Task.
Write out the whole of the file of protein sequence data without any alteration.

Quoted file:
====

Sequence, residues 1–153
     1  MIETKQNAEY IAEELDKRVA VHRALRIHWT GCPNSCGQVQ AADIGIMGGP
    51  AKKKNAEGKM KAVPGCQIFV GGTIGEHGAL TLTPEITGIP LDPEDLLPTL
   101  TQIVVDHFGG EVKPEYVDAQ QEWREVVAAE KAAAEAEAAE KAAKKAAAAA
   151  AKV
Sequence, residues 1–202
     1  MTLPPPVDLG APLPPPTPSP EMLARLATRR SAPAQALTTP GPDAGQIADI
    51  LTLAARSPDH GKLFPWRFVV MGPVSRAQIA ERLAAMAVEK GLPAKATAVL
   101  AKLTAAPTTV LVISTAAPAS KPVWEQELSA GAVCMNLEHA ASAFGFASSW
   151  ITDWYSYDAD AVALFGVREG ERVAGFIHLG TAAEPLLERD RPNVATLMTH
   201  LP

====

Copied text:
Sequence, residues 1–153
     1  MIETKQNAEY IAEELDKRVA VHRALRIHWT GCPNSCGQVQ AADIGIMGGP
    51  AKKKNAEGKM KAVPGCQIFV GGTIGEHGAL TLTPEITGIP LDPEDLLPTL
   101  TQIVVDHFGG EVKPEYVDAQ QEWREVVAAE KAAAEAEAAE KAAKKAAAAA
   151  AKV
Sequence, residues 1–202
     1  MTLPPPVDLG APLPPPTPSP EMLARLATRR SAPAQALTTP GPDAGQIADI
    51  LTLAARSPDH GKLFPWRFVV MGPVSRAQIA ERLAAMAVEK GLPAKATAVL
   101  AKLTAAPTTV LVISTAAPAS KPVWEQELSA GAVCMNLEHA ASAFGFASSW
   151  ITDWYSYDAD AVALFGVREG ERVAGFIHLG TAAEPLLERD RPNVATLMTH
   201  LP